When Bartali reached Coppi, he saw the problem, and waited. Even later, the Italian team captain Binda arrived with Coppi's spare bike, and Bartali and Coppi started to ride. Coppi started to slow down, complaining he was hungry and exhausted. Bartali decided he could not wait anmore, and rode away from Coppi. Coppi came in 18 minutes late that stage.[7] Later that night, it became clear that Coppi had been angry because the team leader had not been following him, even though he was in the leading group. Coppi did not want to race in a team where Bartali and not he was the leader. Binda tried to convince Coppi that he had been delayed, and he succeeded in keeping Coppi in the race.[7]

In the Alps, Coppi recovered. In the sixteenth stage, Coppi escaped, and only Bartali followed him. It was Bartali's 35th birthday, and Coppi gave Bartali the stage victory.[8] After that stage, Bartali was first in the general classification, with Coppi in second place, 82 seconds behind. In stage 17, Bartali and Coppi again were leading together. Around 40 km into the stage, Bartali punctured. Coppi waited for Bartali, but when Bartali later fell and twisted his ankle, team leader Binda allowed Coppi to take off alone.[1] Coppi did so, won the stage, and decided the race.[9]

Classification leadership[edit]

The time that each cyclist required to finish each stage was recorded, and these times were added together for the general classification. If a cyclist had received a time bonus, it was subtracted from this total; all time penalties were added to this total. The cyclist with the least accumulated time was the race leader, identified by the yellow jersey. Of the 120 cyclists, 55 finished the race.

Points for the mountains classification were earned by reaching the mountain tops first. There were two types of mountain tops: the hardest ones, in category 1, gave 10 points to the first cyclist, the easier ones, in category 2, gave 5 points to the first cyclist, and the easiest ones, in category 3, gave 3 points.

The team classification was calculated by adding the times in the general classification of the best three cyclists per team. The Italian Cadets and Switzerland finished with two cyclists each, so they were not eligible for this classification.

The special award for the best regional rider was won by third-placed Jacques Marinelli.[2]

Classification leadership by stage
Stage Winner General classification
Mountains classification Team classification
1 Marcel Dussault Marcel Dussault no award
2 Roger Lambrecht Roger Lambrecht
3 Norbert Callens Norbert Callens
4 Lucien Teisseire Jacques Marinelli France
5 Ferdinand Kübler Ile de France
6 Adolphe Deledda
7 Fausto Coppi
8 Guy Lapébie
9 Louis Caput
10 Fiorenzo Magni Fiorenzo Magni
11 Jean Robic Fausto Coppi Italy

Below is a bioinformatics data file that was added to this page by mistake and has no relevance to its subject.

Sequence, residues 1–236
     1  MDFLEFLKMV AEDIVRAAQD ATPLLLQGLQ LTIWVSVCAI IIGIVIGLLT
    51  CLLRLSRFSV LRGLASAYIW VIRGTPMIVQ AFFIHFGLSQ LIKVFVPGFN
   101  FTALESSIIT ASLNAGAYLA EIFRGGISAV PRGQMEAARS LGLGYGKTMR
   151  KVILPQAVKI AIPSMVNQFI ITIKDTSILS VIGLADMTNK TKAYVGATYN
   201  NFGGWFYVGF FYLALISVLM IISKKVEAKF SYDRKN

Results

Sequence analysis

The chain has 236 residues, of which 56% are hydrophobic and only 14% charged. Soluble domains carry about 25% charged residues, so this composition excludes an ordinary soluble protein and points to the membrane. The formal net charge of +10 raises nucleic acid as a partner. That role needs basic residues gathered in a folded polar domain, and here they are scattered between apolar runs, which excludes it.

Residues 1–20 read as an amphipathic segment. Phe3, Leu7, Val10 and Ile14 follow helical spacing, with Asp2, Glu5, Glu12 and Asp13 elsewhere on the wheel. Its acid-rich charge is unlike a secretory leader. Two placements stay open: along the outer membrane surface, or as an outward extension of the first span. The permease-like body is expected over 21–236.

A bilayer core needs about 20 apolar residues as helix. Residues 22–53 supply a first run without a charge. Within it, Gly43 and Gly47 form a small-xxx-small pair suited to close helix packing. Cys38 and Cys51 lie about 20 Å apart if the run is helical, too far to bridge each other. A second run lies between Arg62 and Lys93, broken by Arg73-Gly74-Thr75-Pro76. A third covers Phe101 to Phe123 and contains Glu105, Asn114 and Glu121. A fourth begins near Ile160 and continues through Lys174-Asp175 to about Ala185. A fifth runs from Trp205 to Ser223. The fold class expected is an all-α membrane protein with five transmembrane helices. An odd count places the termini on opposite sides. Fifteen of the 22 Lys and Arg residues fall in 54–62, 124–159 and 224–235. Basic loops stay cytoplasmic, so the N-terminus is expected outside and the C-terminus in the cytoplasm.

12 Rik Van Steenbergen
13 Emile Idée
14 Jean Goldschmidt
15 Désiré Keteleer Île-de-France
16 Gino Bartali Gino Bartali Italy
17 Fausto Coppi Fausto Coppi
18 Vincenzo Rossello
19 Raphaël Géminiani
20 Fausto Coppi
21 Rik Van Steenbergen
Final Fausto Coppi Fausto Coppi Italy

Final standings[edit]

General classification[edit]

Final general classification (1–10)[3]
Rank Rider Team Time
1  Fausto Coppi (ITA) Italy 149h 40' 49"
2  Gino Bartali (ITA) Italy + 10' 55"
3  Jacques Marinelli (FRA) Ile de France + 25' 13"
4  Jean Robic (FRA) West-North + 34' 28"
5  Marcel Dupont (BEL) Belgian Aiglons + 38' 59"
6  Fiorenzo Magni (ITA) Italian Cadets + 42' 10"
7  Stan Ockers (BEL) Belgium + 44' 35"
8  Jean Goldschmit (LUX) Luxembourg + 47' 24"
9  Apo Lazaridès (FRA) France + 52' 28"
10  Pierre Cogan (FRA) West-North + 1h 08' 55"

Mountains classification[edit]

Final mountains classification (1–5)[1][4]
Rank Rider Team Points
1  Fausto Coppi (ITA) Italy 81
2  Gino Bartali (ITA) Italy 68
3  Jean Robic (FRA) West-North 62
4  Apo Lazaridès (FRA) France 47
5  Lucien Lazaridès (FRA) France 29

Team classification[edit]

Final team classification[1][10]
Rank Team Time
1 Italy 450h 35' 23"
2 West-North + 2h 10' 21"
3 Luxembourg + 2h 18' 16"
4 France + 2h 33' 08"
5 Île-de-France + 2h 41' 36"
6 Belgium + 3h 00' 13"
7 Belgian Aiglons + 3h 21' 25"
8 South East + 5h 49' 25"
9 Center-South West + 8h 15' 30"


As Coppi had also won the 1949 Giro d'Italia, he became the first person to achieve the Giro-Tour double.[1] Coppi would go on to repeat the Giro-Tour double in 1952.


  1. ^ a b c d e f James, Tom (14 August 2003). "1949: Coppi's double". Veloarchive. Retrieved 2 December 2009. 
  2. ^ a b c d Augendre, Jacques (2009). Guide Historique, Part 3 (in French). Amaury Sport Organisation. p. 48. Archived from the original (PDF) on 3 October 2009. Retrieved 17 December 2009. 
  3. ^ a b c d "36ème Tour de France 1949" (in French). Mémoire du cyclisme. Archived from the original on 1 March 2012. Retrieved 26 September 2016. 
  4. ^ a b "Tour-Giro-Vuelta". www.tour-giro-vuelta.net. Retrieved 2 December 2009. 
  5. ^ Zwegers, Arian. "Tour de France GC Top Ten". CVCC. Archived from the original on 2009-06-10. Retrieved 2 December 2009. 
  6. ^ Augendre, Jacques (2009). Guide Historique, Part 6 (in French). Amaury Sport Organisation. p. 114. Archived from the original (PDF) on 9 October 2009. Retrieved 30 September 2009. 
  7. ^ a b c McGann, Bill; McGann, Carol (2006). The Story of the Tour De France. Dog ear publishing. pp. 159–165. ISBN 978-1-59858-180-5. 
  8. ^ "Rider biographies - Fausto Coppi". Cycling hall of fame. Retrieved 20 February 2010. 
  9. ^ "The Tour - Year 1949". Amaury Sport Organisation. 2009. Retrieved 2 December 2009. 
  10. ^ "Terminó la Vuelta a Francia" (in Spanish). El Mundo Deportivo. 25 July 1947. Retrieved 6 April 2013. 


External links[edit]

Media related to 1949 Tour de France at Wikimedia Commons